A U.S. national who was arrested aboard a cruise ship last month appeared in court Wednesday for resisting arrest and possession of ganja. At the conclusion of his trial, he was sentenced to time served.

Aries Raphael Woodfin, 37, first appeared in Summary Court on July 27, when he pleaded guilty to assault causing actual bodily harm to a named female aboard the ship two days earlier. He pleaded not guilty to the other charges and trial was set for Aug. 8, with Mr. Woodfin remaining in custody.

Attorney Jonathon Hughes assisted him on a volunteer basis, but was unable to continue on Wednesday because he was in a Grand Court trial.

He did attend the Summary Court during the lunch break and told Magistrate Philippa McFarlane that the defendant was not prepared to accept a summary of facts presented by Crown counsel Garcia Kelly.

Mr. Woodfin did not agree that he had said certain words to the police officer who went aboard the cruise ship after receiving a report of the assault incident. The words referred to another female present, to the effect, “I will try to hurt her if you try to put handcuffs on me.”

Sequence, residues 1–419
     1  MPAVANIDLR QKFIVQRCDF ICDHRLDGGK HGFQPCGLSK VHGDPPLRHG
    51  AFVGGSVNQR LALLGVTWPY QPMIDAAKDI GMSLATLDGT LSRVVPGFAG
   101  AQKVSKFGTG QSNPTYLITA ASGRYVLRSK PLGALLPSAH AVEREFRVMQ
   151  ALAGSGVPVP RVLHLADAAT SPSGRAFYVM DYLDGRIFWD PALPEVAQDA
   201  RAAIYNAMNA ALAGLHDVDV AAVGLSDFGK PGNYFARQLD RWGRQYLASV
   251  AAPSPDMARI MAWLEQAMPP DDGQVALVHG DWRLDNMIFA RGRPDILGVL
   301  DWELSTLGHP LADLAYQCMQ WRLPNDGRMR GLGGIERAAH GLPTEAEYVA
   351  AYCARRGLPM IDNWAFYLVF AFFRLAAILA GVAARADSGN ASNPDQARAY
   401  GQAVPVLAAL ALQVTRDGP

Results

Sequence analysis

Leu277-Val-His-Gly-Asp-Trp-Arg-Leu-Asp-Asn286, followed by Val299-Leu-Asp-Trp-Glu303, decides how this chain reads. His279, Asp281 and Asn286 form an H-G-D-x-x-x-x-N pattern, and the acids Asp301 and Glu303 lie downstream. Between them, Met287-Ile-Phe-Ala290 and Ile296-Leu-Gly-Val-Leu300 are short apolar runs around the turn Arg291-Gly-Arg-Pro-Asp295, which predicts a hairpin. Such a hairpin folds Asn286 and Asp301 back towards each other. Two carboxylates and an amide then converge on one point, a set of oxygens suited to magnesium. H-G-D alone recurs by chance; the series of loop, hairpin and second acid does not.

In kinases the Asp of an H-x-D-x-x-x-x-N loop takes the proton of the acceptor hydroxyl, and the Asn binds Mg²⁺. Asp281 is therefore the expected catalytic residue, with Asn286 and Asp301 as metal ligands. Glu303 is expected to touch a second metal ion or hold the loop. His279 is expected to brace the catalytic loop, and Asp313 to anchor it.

Mr. Woodfin said from the dock, “If I agree, can I get out of here? But I didn’t say that.”

The magistrate said she could not act as his lawyer, but she would explain each step of the trial process and would not allow any inappropriate question to be put to him or to any witness.

After hearing evidence that lasted past 5 p.m., the magistrate found Mr. Woodfin not guilty of possessing a small quantity of ganja found in his cabin. She said she was giving him the benefit of the doubt because other people in his travel party had been in his room. She found him guilty of resisting arrest, but said she would not add to his sentence for the assault.

If Mr. Woodfin resided in Cayman, one option would be for him to participate in a men’s non-violence program. Since that was not an option, she imposed a custodial sentence equal to the time he had already been in custody, some 15 days.

Mr. Hughes told the court that the American consul in Cayman had been assisting Mr. Woodfin. It was expected that, once the court paperwork was completed, he would be released and leave the island.

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